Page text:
“How was your trip to Cancun?”
“Great, look at this key chain I got there!”
The gift shop, how do we know we’ve had fun if we don’t get to buy something plastic and gaudy? I’m not saying Asian made crap isn’t fun, it’s just that we are so conditioned to be attached to “stuff” that we sometimes feel compelled to buy trinkets to validate our experience. That walk in Florence doesn’t really count unless we buy the David tee shirt, the stroll through the redwoods simply must be commemorated with a recycled yoga mat koozie or we just can’t prove we were there. Memories are nice, but let’s make sure we don’t forget!
In 1966 my Dad and Mom took us from Rhode Island down to the New York World’s Fair. A trip I remember to this day. So, as a Disney annual pass holder (I live outside Orlando, literally an orange grove away from the Magic Kingdom) I frequently take a ride on the Disney Carousel of Progress, one of the original World Fair rides that still operates here in the future. Disney, testing interest in their product in the East, had several exhibits at the World’s Fair, It’s a Small World among them, which is also in the Magic Kingdom (although the original is in California.)
The Carousel of Progress is more a museum piece than a ride now, it’s a commemoration of well, stuff, formerly sponsored by General Electric, back when they made appliances and electronics. Through Progress, err, stuff, we now live much better lives because of electricity, internal plumbing, refrigerators, wireless radios and finally, consumer electronics. Much better than when we had to talk to each other and spend time together! Ironically, the Carousel of Progress is the only Disney ride that does not empty into a gift shop. You come out of the ride to sunshine, no trinkets, no exhausted and crying kids extorting a plastic ray gun from their equally exhausted Grandparents.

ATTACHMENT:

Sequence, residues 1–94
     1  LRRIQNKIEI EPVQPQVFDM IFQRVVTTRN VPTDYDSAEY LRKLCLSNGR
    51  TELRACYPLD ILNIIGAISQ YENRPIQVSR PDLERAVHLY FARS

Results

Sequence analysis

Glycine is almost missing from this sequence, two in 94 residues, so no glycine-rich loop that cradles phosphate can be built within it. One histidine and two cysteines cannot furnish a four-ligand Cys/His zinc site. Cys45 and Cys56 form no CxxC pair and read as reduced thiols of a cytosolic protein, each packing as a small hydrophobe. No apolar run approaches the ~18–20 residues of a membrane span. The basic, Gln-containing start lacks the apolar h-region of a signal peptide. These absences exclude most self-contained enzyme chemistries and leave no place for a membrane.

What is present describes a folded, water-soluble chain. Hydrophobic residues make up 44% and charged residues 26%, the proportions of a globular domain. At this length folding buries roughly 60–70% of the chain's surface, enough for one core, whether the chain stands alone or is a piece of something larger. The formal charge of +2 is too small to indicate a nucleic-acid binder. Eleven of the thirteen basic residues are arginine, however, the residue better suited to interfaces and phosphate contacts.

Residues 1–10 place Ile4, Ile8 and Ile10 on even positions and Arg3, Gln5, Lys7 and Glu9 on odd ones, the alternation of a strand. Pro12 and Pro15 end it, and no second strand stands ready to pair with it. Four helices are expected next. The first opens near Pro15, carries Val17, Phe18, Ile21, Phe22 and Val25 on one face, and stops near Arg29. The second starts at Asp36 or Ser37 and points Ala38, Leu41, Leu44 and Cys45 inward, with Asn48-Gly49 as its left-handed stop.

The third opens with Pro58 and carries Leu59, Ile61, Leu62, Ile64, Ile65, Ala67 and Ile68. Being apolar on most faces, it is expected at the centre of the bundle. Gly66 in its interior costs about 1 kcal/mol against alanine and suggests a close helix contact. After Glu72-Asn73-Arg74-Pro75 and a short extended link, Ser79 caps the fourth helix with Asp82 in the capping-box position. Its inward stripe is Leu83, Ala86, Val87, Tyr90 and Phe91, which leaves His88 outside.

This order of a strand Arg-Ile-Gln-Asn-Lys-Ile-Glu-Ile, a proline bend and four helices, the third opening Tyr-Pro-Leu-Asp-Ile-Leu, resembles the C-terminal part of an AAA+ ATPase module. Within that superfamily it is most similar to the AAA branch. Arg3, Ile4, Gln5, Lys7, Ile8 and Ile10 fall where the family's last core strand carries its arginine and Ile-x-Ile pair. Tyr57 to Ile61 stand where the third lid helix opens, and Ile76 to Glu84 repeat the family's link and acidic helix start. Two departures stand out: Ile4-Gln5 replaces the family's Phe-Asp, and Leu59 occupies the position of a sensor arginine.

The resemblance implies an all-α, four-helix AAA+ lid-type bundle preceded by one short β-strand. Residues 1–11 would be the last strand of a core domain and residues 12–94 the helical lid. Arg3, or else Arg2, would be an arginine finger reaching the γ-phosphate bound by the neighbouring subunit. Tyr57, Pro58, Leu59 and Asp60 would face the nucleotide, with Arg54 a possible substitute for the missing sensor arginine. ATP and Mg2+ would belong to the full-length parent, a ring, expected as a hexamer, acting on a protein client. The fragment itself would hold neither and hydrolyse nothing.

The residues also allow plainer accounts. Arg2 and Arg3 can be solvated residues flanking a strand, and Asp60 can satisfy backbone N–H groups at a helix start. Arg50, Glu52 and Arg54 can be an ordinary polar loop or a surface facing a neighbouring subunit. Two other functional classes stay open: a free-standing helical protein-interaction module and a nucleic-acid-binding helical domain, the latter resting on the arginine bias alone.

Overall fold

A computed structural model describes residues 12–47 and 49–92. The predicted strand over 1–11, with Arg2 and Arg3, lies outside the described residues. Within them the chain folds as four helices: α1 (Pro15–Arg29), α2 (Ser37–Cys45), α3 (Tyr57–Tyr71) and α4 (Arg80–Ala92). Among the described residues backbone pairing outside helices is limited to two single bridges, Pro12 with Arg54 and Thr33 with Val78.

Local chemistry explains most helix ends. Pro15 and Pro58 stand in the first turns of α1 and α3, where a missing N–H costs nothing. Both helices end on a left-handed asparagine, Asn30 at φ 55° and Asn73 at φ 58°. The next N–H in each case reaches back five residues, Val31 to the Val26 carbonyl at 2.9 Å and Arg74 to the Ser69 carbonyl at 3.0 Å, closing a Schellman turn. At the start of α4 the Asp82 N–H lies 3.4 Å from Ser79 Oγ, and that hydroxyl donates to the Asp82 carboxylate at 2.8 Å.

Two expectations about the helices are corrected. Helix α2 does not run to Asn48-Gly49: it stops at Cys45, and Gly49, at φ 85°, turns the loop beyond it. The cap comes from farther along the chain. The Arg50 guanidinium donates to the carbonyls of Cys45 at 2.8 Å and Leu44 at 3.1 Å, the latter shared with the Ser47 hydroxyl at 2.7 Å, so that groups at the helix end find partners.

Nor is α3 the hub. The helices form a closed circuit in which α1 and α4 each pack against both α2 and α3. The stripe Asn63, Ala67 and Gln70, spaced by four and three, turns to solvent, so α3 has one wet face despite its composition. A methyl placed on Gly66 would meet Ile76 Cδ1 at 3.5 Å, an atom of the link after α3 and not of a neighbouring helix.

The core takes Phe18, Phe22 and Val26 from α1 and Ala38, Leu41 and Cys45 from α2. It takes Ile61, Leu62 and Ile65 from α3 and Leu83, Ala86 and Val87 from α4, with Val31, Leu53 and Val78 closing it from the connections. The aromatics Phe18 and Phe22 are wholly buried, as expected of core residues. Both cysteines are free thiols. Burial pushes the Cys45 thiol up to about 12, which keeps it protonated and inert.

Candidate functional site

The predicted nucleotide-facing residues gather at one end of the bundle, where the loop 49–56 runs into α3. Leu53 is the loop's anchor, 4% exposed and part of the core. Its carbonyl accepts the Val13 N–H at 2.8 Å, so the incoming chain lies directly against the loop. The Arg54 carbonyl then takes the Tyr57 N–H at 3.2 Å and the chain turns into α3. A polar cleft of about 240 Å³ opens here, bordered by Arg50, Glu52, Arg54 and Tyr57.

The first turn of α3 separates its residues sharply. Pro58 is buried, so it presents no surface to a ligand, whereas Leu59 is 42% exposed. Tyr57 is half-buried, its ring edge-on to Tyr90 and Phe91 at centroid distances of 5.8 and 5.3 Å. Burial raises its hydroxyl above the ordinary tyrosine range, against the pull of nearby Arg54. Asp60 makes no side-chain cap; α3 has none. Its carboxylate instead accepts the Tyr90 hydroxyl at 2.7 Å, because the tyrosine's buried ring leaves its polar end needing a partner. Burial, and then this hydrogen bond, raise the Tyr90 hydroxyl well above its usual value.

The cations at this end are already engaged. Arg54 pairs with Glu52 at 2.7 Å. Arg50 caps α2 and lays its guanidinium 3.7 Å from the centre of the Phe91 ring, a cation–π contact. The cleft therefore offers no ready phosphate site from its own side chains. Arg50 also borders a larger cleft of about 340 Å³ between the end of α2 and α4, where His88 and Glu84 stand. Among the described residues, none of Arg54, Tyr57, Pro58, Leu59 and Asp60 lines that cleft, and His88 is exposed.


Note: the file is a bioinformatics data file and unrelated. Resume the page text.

The gift shops don’t help us to remember life, they help us replace our memories. I will always remember getting off the New York City subway to the color, crowds and excitement of Flushing Meadows and the World’s Fair, ultimately it is experience that gives us memories and our life meaning, not souvenirs.
This piece really isn’t about souvenirs or theme parks, it is about attachment.
The more we hang on to stuff, the less we hold onto life.